Phil Setren”s play Pretext from last year’s 24/7 is opening in Canberra at the You Are Here Festival on Sunday. Here’s some direct reflections from a 24 7 er at a Festival similar to ours in Australia.
Direct from the airport, I taxi to meet the organizers of the You Are Here Festival at Smith’s Alternative Bookshop in the Citi Centre, which is hosting some of the Festival’s 110 events.
Tables out in front of the book shop full of busy, planning people. Performers secure dates for performance as I join the gourp. Inside, books line the walls of a coffee shop atmosphere, dimly lit for a pefformance going on in stark contrast to the blazing sun . A goup vocal performance is on the stage with big singers in tight harmony, with a mid-sized and very relaxed audience and atmosphere. As the double doors are open, people file in and out of the music event, and the dramatically lit stage holds the focus.
Its a fitting backdrop for the first meeting about my play. Nick Delatovic is the very engaging Festival Director who is greeting artists warmly with good humour and certainly carrying the details of the Festival which opens on thursday for 11 days. I am astonished and impressed that he knows my play in detail, and can discuss Pretext with me from watching rehearsals. He tells me about the actors, the approach and the director’s work in last year’s Festival.
In my jet lag I feel very looked after as a writer, and am excited by the sense oo occasion and community that I sense, with many people asking me about Manchester. ‘ Um, uhh.. , its the place I live where I sit behind a computer all day writing and being as anti-social and entertaining as possible, waiting for the rejection letters to cone in.” NO, I don’t say that. I say sunny things, as the warm weather has me in a very good mood!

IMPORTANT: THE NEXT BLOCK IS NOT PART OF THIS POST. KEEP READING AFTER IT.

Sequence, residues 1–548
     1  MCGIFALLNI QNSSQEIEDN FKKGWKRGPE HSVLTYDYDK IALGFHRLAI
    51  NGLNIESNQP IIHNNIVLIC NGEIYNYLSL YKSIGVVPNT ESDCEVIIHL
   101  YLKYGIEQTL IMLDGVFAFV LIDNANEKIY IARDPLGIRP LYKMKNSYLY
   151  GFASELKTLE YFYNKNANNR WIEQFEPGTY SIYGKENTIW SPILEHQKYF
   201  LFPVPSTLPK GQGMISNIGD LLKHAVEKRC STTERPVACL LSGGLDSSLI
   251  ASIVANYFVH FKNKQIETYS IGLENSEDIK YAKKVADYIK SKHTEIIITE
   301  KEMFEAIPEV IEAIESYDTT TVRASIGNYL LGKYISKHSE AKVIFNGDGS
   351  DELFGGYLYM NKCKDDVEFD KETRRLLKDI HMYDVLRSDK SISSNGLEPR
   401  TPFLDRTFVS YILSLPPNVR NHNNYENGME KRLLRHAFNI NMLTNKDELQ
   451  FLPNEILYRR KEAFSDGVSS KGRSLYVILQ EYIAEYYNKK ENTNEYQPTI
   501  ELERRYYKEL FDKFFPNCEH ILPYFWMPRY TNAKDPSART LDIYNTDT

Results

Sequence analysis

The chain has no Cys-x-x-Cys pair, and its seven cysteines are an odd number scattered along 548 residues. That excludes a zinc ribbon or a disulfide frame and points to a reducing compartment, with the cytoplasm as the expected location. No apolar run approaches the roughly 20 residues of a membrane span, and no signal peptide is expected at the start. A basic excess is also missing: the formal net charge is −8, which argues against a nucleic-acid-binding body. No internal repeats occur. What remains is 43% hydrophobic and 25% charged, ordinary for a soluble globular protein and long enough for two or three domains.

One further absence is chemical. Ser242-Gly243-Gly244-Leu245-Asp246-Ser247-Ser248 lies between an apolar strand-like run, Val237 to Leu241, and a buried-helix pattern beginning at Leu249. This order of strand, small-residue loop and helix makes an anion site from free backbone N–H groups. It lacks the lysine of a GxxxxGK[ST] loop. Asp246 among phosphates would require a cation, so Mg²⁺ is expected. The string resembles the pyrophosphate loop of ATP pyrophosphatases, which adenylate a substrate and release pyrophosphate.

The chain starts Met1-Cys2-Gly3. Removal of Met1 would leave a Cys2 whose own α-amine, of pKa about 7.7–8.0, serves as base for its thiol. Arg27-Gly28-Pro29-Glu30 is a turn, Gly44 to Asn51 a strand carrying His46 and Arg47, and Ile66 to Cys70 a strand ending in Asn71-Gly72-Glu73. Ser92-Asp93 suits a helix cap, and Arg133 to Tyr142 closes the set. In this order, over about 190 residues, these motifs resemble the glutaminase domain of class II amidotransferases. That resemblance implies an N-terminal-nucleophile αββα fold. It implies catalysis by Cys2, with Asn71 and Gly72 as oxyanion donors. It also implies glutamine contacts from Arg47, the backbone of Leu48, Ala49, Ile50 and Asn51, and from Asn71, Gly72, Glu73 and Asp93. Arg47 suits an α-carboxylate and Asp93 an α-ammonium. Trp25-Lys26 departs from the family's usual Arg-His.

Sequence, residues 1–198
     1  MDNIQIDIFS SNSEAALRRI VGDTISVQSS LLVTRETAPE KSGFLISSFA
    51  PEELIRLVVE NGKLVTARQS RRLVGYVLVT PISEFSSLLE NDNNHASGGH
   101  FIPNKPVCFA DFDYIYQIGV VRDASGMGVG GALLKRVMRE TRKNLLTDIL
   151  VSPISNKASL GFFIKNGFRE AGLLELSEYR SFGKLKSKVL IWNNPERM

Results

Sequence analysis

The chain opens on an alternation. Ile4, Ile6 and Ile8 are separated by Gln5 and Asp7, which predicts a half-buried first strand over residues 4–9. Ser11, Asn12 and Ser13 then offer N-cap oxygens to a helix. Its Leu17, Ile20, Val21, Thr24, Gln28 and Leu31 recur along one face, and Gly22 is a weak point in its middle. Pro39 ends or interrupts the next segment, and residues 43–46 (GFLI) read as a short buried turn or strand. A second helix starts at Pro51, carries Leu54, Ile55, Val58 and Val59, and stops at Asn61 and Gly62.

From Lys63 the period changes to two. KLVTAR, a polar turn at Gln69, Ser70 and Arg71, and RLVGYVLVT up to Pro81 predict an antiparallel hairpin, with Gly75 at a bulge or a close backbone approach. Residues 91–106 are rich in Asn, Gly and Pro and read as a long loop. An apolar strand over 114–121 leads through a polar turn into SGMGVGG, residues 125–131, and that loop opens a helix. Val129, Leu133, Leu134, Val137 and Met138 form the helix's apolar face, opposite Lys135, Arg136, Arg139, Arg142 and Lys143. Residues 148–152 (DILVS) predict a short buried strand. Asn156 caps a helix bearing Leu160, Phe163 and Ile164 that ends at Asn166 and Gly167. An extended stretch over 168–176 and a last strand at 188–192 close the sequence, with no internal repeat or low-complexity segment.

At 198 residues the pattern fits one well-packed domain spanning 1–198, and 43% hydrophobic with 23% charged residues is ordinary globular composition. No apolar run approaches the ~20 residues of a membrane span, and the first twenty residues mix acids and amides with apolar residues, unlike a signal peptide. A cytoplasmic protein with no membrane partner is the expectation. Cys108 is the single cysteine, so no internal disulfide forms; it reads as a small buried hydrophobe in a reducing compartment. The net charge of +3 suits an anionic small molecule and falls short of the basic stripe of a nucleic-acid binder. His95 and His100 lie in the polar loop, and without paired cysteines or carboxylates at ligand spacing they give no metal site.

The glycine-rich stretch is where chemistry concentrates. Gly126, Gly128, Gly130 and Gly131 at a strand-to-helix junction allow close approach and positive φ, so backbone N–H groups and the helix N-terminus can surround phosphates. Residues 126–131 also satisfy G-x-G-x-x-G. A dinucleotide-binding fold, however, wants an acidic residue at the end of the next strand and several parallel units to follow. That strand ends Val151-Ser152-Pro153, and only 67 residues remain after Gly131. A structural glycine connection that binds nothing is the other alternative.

They have asked me to participate in an event called the ‘artist olympics’ where I have to create something in front of an audience from a discipline other than writing. I’ve also been asked if I will contrbute to the writing of their daily cop show, titled ‘Filth.’ Hmmmm.. sounds right up my street. I say yes. He makes a phone call to set up an introduction meeting, and the ‘computer chip’ of detail and possibiity in this remarkable Artistic Director’s mind grows.
The production Manager Nikki takes me to my digs, and as tomorrow is a bank holiday, I will catch up on my sleep.
I wake in the night to the sound of a deafening motor. It sounds alive.. Its getting closer … I find Nikki in the house.
Oh, that’s just a possum. Oh… I laugh.. in secret terror. My fantasy of sleeping with the lovely double doors open under the Australian stars have changed… just for now.